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Thyroid Scanning in Patients with Suspected Thyroid Disease

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The views expressed herein are solely those of the authors and not necessarily those of the U.S. Air Force or the Department of Defense.

▸Requests for reprints should be addressed to Charles A. Reasner II, M.D.; Endocrine Service (SGHMME), Wilford Hall, USAF Medical Center; Lackland AFB, TX 78236-5300.

U.S. Air Force Medical Center; Lackland Air Force Base, Texas.

Ann Intern Med. 1985;102(2):209-210. doi:10.7326/0003-4819-102-2-209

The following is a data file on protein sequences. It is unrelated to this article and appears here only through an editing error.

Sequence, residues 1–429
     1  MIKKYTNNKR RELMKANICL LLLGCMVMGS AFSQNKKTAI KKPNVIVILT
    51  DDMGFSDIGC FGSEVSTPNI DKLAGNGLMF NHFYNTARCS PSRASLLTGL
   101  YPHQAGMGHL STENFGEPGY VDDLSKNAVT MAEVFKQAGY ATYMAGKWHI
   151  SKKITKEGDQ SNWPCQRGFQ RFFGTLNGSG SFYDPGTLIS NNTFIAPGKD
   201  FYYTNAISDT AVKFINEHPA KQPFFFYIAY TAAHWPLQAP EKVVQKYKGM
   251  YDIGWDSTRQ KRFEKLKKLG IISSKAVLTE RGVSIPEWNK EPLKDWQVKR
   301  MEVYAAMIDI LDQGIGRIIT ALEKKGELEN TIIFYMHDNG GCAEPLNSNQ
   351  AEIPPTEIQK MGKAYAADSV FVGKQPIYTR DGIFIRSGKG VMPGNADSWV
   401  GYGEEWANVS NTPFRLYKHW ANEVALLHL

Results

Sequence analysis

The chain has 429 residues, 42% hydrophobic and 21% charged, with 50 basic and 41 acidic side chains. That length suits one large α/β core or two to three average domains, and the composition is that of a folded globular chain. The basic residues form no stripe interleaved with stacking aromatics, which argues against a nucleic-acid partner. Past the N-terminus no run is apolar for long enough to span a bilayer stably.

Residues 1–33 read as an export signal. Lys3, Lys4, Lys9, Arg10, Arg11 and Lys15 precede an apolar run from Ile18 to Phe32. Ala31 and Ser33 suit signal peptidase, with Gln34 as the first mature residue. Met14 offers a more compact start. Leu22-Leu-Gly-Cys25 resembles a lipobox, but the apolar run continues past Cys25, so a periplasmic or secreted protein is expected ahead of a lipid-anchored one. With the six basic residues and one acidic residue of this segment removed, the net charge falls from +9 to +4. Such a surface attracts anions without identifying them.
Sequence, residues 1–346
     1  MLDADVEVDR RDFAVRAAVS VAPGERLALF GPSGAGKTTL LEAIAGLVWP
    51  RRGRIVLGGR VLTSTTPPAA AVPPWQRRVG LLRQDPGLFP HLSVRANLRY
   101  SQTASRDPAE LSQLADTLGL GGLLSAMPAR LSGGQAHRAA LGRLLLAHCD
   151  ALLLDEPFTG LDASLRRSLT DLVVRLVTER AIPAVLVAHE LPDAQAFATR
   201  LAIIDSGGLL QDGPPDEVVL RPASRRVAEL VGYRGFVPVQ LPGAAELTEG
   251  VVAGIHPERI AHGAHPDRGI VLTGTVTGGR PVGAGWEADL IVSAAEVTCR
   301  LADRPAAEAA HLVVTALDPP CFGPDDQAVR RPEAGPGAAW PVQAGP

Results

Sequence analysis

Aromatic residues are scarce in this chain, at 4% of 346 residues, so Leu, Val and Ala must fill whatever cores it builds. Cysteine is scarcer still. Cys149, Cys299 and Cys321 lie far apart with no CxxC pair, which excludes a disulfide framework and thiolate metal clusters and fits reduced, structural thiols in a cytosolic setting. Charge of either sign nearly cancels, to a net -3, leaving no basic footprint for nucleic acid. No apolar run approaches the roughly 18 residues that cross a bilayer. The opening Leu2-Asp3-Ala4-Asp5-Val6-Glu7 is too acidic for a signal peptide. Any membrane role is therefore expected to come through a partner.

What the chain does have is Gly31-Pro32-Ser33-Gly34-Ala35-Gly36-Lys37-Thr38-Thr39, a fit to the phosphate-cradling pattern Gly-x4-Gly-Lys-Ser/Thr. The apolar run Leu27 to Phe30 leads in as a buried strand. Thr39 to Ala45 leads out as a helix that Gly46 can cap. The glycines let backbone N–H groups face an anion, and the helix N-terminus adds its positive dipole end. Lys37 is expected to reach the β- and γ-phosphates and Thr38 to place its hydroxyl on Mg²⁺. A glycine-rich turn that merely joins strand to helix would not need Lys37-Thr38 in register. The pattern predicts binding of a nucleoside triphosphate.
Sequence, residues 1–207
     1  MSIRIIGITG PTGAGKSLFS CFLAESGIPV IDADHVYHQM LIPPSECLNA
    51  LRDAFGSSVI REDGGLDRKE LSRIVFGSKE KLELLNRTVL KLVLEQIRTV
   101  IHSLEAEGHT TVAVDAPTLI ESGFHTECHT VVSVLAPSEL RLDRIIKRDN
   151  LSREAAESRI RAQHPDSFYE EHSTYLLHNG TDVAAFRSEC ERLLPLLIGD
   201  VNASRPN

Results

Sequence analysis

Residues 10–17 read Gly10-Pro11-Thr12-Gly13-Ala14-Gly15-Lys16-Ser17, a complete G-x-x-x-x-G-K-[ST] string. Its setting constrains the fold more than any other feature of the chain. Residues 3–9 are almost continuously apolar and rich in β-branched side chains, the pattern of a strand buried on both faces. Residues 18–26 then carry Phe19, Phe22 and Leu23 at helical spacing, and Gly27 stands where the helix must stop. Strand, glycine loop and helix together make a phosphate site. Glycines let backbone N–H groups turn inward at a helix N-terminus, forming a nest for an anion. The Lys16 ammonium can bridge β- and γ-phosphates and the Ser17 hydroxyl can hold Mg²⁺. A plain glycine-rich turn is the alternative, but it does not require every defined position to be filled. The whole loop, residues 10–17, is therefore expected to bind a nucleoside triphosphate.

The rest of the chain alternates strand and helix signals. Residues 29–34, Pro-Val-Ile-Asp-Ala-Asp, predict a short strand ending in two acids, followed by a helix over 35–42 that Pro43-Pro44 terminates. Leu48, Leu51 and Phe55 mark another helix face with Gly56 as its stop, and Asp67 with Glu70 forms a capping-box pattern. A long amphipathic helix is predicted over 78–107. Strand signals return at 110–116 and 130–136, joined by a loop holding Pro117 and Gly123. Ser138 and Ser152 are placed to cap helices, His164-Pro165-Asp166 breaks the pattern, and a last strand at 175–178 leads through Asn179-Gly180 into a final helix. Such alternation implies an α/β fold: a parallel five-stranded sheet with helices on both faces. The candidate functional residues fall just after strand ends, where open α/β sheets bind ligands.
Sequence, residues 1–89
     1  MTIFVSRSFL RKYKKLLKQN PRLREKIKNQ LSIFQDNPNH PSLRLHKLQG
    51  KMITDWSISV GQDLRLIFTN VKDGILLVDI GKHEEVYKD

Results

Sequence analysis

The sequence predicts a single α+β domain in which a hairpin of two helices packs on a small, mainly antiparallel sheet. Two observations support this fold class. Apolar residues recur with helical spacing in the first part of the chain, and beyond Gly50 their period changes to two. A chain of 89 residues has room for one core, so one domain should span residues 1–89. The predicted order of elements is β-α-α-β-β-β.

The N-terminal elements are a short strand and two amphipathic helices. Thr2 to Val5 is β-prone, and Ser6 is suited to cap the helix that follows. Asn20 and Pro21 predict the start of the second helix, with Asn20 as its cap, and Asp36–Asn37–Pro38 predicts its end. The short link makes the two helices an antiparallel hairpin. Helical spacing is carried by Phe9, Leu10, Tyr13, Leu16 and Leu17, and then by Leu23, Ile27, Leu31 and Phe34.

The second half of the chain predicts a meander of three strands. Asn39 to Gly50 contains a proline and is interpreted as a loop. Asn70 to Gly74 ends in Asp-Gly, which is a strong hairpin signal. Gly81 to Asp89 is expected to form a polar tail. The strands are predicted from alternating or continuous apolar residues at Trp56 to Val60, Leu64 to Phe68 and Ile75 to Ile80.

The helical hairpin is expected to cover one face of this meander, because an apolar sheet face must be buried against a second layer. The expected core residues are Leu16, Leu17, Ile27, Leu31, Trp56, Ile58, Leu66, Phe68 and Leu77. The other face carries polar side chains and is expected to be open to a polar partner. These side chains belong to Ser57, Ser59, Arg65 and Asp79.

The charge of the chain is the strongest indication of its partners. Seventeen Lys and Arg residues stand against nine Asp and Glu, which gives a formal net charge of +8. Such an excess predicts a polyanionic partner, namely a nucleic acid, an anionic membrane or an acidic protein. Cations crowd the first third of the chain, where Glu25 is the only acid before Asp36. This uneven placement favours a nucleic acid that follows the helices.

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To assess the therapeutic effect of radioisotope imaging in patients with thyroid disease, we reviewed the thyroid clinic charts of 730 consecutive patients seen at Wilford Hall U.S. Air Force Medical Center from September 1981 through September 1983. Two-hundred fifty-one patients had received a thyroid scan as part of their initial evaluation. The clinical impression (based on the history, physical findings, and thyroid function test results), scan interpretation (provided by the nuclear medicine staff), and subsequent therapy were recorded for each patient (Table 1). Iodine-131 was used to evaluate patients with substernal mass; all other patients were scanned with 123I.


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